Another thing that scares people off is slang. The dreaded slang. Yotsubato isn’t free of slang – Yotsuba’s dad isn’t exactly the most eloquent speaker – but it’s nothing you usually can’t figure out by reading it out loud. じゃねぇ is a bit easier to say than じゃない, after all, and who can remember to say しまう when ちゃう is just as good? Of course, anything you can’t parse can usually be filled in by context.

4. It’s freaking funny.
funny
I never laugh out loud. The closest I ever get to laughing out loud is writing an “lol” on somebody’s Facebook status. But for some reason, Yotsubato always gets me laughing. I giggle like a little kid. I have to take care to read it alone lest everybody I know think I’ve lost my marbles. The art is especially hilarious. Unless you have a heart made out of steel and cardboard, I think it’s impossible not to laugh at Yotsuba’s many expressions. It’s actually the funniest thing I think I’ve ever read.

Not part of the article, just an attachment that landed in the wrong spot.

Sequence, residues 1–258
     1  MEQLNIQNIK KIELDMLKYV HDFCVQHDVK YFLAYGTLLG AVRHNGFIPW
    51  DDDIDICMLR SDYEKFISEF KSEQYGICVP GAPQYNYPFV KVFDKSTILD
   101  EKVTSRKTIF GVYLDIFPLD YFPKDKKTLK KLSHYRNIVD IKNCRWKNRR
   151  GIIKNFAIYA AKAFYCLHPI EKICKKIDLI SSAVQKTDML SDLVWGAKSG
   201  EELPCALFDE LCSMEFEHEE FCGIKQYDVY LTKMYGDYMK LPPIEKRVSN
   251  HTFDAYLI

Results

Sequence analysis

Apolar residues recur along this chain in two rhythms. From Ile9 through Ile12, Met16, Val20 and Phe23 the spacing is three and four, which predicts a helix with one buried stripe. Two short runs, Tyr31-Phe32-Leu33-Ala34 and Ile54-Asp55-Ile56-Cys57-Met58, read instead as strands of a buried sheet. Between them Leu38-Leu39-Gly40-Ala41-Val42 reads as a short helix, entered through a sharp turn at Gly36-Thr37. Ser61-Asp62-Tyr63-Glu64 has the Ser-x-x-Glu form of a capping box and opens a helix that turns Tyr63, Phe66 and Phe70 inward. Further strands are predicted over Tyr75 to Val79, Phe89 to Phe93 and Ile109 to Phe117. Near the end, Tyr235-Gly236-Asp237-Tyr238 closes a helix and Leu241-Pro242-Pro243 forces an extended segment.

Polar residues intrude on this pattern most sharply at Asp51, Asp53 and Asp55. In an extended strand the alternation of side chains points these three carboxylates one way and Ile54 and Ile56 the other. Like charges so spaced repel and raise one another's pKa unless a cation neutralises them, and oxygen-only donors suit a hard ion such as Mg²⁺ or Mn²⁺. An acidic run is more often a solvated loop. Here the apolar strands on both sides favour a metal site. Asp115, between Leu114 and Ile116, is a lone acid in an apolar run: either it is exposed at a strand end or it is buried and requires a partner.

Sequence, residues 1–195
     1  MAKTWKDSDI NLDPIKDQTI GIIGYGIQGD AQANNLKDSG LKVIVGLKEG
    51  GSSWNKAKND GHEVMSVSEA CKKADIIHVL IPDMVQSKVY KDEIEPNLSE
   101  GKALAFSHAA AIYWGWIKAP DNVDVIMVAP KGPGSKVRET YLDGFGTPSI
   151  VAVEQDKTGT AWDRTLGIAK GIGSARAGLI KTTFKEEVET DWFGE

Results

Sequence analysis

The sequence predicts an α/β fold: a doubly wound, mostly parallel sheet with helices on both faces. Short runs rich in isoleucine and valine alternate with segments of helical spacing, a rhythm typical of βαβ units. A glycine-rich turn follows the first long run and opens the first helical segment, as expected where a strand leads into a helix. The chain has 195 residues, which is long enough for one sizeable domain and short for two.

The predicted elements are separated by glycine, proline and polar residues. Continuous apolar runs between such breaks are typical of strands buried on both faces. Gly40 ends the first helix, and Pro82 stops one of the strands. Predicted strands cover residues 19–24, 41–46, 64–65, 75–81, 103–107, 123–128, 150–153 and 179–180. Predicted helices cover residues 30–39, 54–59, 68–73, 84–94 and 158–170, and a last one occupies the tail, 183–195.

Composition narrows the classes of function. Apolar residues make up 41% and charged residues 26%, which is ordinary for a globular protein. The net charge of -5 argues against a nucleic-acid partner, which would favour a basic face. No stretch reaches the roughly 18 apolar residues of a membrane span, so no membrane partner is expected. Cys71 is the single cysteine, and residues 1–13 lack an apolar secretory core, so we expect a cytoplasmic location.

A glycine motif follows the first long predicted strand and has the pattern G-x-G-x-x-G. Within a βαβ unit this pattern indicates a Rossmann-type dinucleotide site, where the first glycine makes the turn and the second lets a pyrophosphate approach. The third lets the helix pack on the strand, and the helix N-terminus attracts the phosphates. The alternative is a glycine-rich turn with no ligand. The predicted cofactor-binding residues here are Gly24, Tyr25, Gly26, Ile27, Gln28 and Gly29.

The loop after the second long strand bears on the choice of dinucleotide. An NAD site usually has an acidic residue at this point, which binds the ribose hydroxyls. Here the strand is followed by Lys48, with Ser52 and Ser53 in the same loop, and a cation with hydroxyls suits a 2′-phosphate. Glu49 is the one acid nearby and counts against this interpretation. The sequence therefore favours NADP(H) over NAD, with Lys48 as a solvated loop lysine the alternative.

I think one of the biggest obstacles to transitioning out of boring textbook-Japanese is the perceived difficulty of it. Do you have any easy manga/books you hold dear to your heart? I could always use some more easy-reading recommendations, too. I’m not as smart as I look, you know. :)

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Written by: Eric



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Eric

Eric

A writer for Japanese Level Up, a part-time graphic designer, and purveyor of fine Japanese art (which consists mostly of anime, manga and weird music). When he's not wasting time in Japanese, you can usually find him making pretty pictures or studying something that sounds interesting.

Comments

4 Reasons You Should Read the Manga Yotsubato — 42 Comments

  1. I agree totally! Beginner or not, Yotsuba is an awesome manga to have in one’s collection. I picked it up from my in-law’s bookshelf and instantly fell in love. And yes, it will make you laugh out loud! Once, I had to put it down before class just because it was just getting too funny.